The original town hall was destroyed during the 1919 Peace Day celebrations at the end of World War I. During the 1950s, Dr. John G. Dony, author of The Flora of Bedfordshire, told his history students (he taught at Luton Grammar, the predecessor of Luton Sixth Form College) that he had broken the last intact window of the old town hall during the 1919 riots. Local residents, including many ex-servicemen, were dissatisfied with their jobs and had been denied the use of a nearby park for celebratory events. They stormed the town hall and set it on fire (see Luton Town Hall). In 1936, a replacement structure was completed.

    Since the early twentieth century, Luton Borough Corporation had supplied electricity to the borough via the Luton power station, which was located adjacent to the railway. When the electricity industry was nationalised in 1948, ownership passed to the British Electricity Authority, and later to the Central Electricity Generating Board. Connections to the national grid rendered the 23 megawatt (MW) coal and, later, oil-fired power station obsolete. There was a single chimney and two reinforced concrete cooling towers at the station. The power station closed in 1968, after delivering 3,192 MWh of electricity to the borough in its final year of operation.

    The council owned and operated Luton Airport since its inception in 1938. It is now one of the area’s largest employers.

    Luton experienced an economic boom during the pre-war years, as new industries grew and prospered. In the 1920s and 1930s, new private and council housing was built, and Luton began to incorporate nearby villages Leagrave, Limbury, and Stopsley between 1928 and 1933.

    Following the war, a number of large council housing estates were built, most notably at Farley Hill, Stopsley, Limbury, Marsh Farm, and Leagrave (Hockwell Ring). In the mid to late 1960s, the town’s Marsh Farm area was developed as a large council housing estate, primarily to house the overspill population from London. The estate, on the other hand, developed a reputation for high levels of crime, poverty, and unemployment, culminating in a riot on the estate in July 1992 and another more serious riot three years later.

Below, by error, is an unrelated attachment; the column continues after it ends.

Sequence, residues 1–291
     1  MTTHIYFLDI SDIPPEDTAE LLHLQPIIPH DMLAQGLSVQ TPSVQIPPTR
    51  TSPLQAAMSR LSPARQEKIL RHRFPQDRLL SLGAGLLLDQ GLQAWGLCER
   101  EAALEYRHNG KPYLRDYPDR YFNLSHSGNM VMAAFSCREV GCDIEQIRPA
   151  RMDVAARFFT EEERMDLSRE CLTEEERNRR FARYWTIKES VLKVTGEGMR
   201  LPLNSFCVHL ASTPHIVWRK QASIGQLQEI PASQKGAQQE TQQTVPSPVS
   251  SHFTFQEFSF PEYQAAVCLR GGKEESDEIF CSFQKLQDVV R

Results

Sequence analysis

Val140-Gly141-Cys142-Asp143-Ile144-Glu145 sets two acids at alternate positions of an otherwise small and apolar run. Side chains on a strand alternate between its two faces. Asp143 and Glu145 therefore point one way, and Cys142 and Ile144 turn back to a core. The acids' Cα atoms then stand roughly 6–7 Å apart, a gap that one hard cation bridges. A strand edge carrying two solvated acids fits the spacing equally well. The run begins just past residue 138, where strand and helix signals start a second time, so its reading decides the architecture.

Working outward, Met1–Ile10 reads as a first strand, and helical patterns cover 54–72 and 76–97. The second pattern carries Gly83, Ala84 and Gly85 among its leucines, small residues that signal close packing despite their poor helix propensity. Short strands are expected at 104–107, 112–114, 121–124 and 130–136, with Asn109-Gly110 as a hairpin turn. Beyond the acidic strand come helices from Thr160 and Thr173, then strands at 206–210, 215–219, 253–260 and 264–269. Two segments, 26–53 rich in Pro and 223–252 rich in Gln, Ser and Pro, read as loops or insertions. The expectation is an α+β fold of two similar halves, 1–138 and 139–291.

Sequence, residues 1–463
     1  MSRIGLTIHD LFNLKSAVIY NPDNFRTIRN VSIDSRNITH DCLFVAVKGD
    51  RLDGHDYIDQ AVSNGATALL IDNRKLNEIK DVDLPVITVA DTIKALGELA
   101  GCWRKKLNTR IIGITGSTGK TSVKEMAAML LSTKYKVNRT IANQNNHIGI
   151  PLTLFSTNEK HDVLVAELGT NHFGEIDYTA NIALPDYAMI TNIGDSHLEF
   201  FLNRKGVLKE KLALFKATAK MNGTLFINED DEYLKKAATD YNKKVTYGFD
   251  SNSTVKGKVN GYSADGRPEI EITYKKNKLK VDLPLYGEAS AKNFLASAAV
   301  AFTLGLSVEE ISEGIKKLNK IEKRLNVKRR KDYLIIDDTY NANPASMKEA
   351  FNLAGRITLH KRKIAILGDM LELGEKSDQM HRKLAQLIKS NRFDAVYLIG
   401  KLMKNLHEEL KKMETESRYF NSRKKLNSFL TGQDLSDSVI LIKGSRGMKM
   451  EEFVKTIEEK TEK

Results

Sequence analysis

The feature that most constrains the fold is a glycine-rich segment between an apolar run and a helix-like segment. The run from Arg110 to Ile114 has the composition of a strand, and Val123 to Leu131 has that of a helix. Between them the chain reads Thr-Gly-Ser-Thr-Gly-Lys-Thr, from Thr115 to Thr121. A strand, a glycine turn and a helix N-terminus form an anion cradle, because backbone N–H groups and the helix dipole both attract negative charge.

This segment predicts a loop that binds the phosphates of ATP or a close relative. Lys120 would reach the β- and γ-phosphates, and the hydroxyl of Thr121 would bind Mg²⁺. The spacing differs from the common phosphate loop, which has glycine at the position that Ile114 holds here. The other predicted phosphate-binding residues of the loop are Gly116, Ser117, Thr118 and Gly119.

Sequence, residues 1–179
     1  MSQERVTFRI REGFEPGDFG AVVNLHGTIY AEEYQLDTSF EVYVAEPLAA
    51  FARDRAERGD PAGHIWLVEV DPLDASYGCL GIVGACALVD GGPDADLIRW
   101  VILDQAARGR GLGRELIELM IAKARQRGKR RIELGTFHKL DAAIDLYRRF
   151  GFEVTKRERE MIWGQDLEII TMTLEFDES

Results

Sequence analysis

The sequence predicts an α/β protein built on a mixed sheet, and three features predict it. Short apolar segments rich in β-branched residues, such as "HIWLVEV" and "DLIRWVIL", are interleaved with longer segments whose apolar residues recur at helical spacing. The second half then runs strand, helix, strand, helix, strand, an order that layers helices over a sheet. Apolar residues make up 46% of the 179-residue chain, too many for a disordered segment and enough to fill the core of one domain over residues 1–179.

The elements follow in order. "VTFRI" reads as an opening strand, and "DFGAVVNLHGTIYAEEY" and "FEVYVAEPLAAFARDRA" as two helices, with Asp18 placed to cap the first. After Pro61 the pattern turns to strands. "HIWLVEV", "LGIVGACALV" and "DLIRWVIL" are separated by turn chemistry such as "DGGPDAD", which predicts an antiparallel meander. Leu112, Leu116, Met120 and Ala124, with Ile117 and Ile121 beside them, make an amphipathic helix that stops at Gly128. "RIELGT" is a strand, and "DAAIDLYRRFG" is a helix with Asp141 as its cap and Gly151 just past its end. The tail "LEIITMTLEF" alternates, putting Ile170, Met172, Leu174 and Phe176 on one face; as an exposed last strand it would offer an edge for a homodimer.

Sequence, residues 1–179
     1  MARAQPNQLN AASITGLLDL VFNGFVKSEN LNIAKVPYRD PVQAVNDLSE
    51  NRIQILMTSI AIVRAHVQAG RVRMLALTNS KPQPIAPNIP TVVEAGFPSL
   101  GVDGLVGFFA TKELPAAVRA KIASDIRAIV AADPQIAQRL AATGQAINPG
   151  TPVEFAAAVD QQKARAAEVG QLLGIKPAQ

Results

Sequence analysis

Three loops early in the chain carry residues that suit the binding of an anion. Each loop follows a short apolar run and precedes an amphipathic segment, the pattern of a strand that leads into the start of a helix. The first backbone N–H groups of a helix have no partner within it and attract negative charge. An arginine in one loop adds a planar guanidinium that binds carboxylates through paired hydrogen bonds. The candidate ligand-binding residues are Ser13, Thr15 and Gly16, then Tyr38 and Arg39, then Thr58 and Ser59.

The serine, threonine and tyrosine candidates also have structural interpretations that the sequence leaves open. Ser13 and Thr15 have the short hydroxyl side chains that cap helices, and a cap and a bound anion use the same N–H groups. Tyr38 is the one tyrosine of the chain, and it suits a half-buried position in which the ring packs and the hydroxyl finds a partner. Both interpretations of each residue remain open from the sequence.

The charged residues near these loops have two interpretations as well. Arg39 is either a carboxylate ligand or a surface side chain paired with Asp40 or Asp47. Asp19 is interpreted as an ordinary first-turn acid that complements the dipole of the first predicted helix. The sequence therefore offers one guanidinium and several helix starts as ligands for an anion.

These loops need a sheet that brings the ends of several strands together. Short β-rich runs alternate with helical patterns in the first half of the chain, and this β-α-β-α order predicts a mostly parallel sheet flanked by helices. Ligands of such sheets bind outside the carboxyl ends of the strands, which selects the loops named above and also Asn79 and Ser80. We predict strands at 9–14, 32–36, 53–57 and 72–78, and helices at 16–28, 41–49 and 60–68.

The 2002 closure of the Vauxhall manufacturing plant had a negative impact on Luton, resulting in increased unemployment and deprivation.



    Luton is located approximately 34 miles north of London and 39 miles southwest of Cambridge. The town is at the heart of the larger Luton built-up area, which also includes the Central Bedfordshire towns of Dunstable and Houghton Regis. The town is the largest in Bedfordshire’s ceremonial county, followed by Bedford.

    Luton is situated in a valley in the Chiltern Hills to the east. The Chilterns are a mix of Cretaceous period[46] (66–145 million years ago) chalk and deposits laid down at the southernmost points of the ice sheet during the last ice age (the Warden Hill area can be seen from much of the town).

    Bedfordshire had a reputation for brickmaking, but the industry has since declined significantly. Stopsley’s brickworks took advantage of the clay deposits to the east of town.

    The River Lea, which is part of the Thames Valley drainage basin, has its headwaters in the town of Leagrave. This area is surrounded by the Great Bramingham Wood. It is classified as ancient woodland because records date back at least 400 years.

    For miles, there are few routes through the hilly area, which has resulted in the construction of several major roads (including the M1 and A6) and a major rail-link through the town.